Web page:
Although Judas Priest will always remain one of the best bands ever, a lesser known band is Fight, Rob Halford’s project after leaving Judas Priest, in 1992. Fight never got NEARLY the attention of Judas Priest, but to be fair, they could have! They made far more solid albums than those that Judas Priest released after Halford was gone. Fight also had Scott Travis, who was with Judas Priest at the time on drums. They only released two albums, but those two albums are solid releases and well worth the time of any fan of Judas Priest. Recommended songs: “Into the Pit”, “War of Words”, and “Legacy of Hate”.
Ok, so it’s kind of weird having two bands take up the same slot, but they both contain King Diamond on vocals, both have similar styles, King Diamond switches between the two so often they basically have become the same band. Although recognized by almost every popular metal band since 1983, King Diamond’s work hasn’t received the attention of contemporaries like Judas Priest and Iron Maiden. The most recognition King Diamond has got is a couple of references in “Clerks 2”, and a song/character avatar in Guitar Hero: Metallica. King Diamond was one of the biggest influences on Thrash Metal, Death Metal, Power Metal, Black Metal and Progressive Metal, and yet nobody cares to mention his name in the likes of “greatest metal bands” or “greatest metal albums”, although most albums he’s released to date are classics. Recommended songs: “A Dangerous Meeting”, “Come to the Sabbath”, “Welcome Home”, and “Black Horsemen”
Exhorder were a Thrash/Groove metal band from the 80’s to 90’s who, after releasing two albums, split up, only to reunite fairly recently. Exhorder’s fade into obscurity was mainly due to a major band that almost killed their entire career: Pantera. Pantera was a great band, and although they had some similarities to Exhorder (there is an ongoing debate about who ripped off whom, but neither of them ripped the other one off), they were far more accessible in sound and got much more attention. Exhorder was like a super-sped up version of Pantera, and somewhat similar in vein to Sepultura, although there are many differences. Exhorder’s first album, Slaughter in the Vatican, is very recognized among cult fans, but The Law, their second album is easily as good. Recommended songs: “Unforgiven”, “Desecrator”, and “Incontinence”.
If there’s any single writer who was unfairly overlooked, it would be Devin Townsend. After singing on one album for Steve Vai, Townsend got fed up with the music industry, and just about everything else, and started Strapping Young Lad so he could do whatever he wanted. After releasing 5 albums, Strapping Young Lad split up, Devin Townsend quitting drugs and alcohol and finding meaning in his life. Strapping Young Lad may never come back together, but the 5 albums released are all great albums, and a testament to powerful writing, creativity and just pure insanity. The album most people recognize is City, their second release, but I personally prefer Alien, their fourth. The bi-polar nature of his music reflects his actual bi-polar disorder, which creates an atmosphere of insanity, being both heavy and angry, as well as calming and relieving. Recommended songs: “All Hail the New Flesh”, “Detox”, “Far Beyond Metal”, “Skeksis”, and “Love?”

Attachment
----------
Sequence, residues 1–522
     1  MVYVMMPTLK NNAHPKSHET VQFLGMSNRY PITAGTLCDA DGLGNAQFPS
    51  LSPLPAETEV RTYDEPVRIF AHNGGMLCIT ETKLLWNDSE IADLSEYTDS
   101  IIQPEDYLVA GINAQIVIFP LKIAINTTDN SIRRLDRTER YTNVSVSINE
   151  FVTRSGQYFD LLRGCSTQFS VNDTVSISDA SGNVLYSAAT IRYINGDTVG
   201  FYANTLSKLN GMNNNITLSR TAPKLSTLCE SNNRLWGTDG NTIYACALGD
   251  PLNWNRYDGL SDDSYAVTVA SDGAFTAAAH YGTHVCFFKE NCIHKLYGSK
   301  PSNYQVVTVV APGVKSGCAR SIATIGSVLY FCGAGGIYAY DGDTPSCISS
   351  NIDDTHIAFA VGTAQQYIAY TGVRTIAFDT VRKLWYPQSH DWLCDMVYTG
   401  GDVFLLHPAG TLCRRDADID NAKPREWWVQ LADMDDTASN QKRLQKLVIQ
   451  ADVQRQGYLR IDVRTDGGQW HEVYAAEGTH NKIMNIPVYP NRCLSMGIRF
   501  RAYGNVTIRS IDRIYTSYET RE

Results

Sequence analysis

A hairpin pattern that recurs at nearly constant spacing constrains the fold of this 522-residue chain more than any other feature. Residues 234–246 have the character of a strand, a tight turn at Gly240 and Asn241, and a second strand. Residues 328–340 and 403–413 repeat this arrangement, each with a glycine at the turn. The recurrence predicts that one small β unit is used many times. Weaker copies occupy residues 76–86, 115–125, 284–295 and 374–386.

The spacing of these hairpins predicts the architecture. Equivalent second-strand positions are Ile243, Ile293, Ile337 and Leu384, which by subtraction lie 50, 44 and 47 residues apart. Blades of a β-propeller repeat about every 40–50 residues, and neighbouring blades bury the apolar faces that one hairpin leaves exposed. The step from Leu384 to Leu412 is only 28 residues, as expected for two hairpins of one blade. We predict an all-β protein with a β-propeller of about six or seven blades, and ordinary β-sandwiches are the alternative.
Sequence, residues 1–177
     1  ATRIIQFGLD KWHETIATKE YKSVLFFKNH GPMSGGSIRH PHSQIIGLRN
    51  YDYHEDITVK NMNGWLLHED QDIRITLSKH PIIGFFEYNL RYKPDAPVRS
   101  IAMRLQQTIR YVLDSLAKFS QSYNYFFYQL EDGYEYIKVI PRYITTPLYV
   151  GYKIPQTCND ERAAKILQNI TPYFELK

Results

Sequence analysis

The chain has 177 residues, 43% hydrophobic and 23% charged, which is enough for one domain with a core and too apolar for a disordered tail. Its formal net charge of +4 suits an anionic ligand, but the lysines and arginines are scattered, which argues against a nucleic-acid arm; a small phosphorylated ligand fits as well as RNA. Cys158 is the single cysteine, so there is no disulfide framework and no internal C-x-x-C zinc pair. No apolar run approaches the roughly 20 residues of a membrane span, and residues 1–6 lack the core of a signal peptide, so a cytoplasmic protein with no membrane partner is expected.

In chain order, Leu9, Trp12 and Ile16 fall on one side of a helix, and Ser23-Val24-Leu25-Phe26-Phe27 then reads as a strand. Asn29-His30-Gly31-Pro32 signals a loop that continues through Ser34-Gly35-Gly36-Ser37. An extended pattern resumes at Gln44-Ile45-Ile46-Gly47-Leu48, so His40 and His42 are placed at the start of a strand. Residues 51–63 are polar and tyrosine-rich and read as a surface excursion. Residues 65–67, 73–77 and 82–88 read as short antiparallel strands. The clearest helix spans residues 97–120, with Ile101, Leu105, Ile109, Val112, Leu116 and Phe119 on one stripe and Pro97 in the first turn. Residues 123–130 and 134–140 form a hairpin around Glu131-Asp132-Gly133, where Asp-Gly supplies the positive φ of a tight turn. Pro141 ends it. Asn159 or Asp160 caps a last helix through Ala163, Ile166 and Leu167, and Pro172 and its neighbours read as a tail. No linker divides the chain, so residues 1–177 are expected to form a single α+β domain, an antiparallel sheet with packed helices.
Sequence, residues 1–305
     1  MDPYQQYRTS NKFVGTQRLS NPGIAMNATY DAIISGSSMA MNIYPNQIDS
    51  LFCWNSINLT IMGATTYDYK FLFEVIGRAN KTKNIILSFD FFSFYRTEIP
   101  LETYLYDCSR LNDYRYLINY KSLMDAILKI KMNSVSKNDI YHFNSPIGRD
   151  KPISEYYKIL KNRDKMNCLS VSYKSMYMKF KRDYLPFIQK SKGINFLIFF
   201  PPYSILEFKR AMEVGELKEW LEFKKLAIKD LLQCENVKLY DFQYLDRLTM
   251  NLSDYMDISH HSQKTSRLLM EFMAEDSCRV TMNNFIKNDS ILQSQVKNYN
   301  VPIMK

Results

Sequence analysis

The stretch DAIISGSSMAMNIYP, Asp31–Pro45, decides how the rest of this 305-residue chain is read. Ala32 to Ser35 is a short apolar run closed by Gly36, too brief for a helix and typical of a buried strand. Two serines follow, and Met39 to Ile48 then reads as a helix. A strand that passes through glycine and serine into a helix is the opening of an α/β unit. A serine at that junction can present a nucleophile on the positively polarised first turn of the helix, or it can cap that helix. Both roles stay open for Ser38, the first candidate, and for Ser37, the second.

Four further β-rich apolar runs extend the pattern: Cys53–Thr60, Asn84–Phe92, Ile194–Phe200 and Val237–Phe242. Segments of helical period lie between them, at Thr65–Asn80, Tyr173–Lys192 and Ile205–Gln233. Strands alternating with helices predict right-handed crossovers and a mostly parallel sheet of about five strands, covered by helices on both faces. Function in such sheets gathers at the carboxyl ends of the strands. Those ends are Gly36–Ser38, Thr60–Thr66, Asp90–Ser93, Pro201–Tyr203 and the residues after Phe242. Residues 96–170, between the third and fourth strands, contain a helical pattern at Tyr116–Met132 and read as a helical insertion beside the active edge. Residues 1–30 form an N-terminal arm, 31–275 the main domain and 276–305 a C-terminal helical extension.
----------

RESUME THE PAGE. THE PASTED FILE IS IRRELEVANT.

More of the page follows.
Of course, when it comes to BANDS, Exodus is the one who was most unfairly treated. Exodus is only really known for “that band that Kirk Hammett used to be in”. Ironically, Exodus wrote material that far outweighs the material that Hammett wrote for them. Exodus is also very recognized for their album “Bonded by Blood”, whichm although a great album, was just a sign of better things to come. Exodus has always had a semi-light hearted sound, and was a big influence on most bands to come after, including Metallica, Vio-lence and Anthrax. Exodus was once part of the “Big 5 of Thrash Metal”, which was eventually toned down to “Big 4” when they decided to drop Exodus out. How does that sound for unfair? Recommended songs: “Like Father, Like Son”, “Piranha”, “AWOL”, and “Now thy Death Day Come”.